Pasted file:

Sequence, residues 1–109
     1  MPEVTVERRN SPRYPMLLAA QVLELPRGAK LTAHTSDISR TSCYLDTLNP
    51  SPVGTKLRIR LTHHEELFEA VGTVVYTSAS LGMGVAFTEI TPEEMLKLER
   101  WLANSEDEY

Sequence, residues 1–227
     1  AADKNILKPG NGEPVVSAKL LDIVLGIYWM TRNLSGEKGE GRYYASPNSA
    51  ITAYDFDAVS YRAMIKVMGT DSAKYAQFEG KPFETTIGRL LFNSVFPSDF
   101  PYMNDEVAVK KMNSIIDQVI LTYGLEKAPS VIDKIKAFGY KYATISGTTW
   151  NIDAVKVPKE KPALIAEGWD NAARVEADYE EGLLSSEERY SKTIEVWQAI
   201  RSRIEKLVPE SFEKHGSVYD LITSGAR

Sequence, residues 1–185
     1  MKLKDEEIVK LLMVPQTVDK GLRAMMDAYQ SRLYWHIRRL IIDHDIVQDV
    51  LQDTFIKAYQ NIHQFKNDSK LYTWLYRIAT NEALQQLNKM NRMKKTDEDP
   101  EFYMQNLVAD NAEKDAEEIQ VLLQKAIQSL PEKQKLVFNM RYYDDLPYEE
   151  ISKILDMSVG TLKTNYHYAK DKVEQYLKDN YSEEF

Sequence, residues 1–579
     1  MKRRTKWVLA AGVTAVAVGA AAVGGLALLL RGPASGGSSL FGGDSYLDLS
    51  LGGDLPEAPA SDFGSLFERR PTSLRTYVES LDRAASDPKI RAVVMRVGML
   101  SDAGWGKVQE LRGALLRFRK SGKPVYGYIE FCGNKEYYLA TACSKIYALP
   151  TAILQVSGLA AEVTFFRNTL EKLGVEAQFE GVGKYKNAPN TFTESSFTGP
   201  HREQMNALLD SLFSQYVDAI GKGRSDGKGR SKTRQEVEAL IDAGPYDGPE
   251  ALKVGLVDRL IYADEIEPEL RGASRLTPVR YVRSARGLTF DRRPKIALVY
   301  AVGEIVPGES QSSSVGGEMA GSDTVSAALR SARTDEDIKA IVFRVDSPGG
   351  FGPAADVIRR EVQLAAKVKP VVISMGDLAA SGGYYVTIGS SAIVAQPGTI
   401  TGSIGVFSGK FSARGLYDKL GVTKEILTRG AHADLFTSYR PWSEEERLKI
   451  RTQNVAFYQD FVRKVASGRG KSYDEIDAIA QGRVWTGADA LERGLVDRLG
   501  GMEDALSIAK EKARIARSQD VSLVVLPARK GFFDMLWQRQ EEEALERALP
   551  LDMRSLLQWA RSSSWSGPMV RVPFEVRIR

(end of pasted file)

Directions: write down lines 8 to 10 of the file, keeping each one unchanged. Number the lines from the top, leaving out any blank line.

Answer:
   101  PYMNDEVAVK KMNSIIDQVI LTYGLEKAPS VIDKIKAFGY KYATISGTTW
   151  NIDAVKVPKE KPALIAEGWD NAARVEADYE EGLLSSEERY SKTIEVWQAI
   201  RSRIEKLVPE SFEKHGSVYD LITSGAR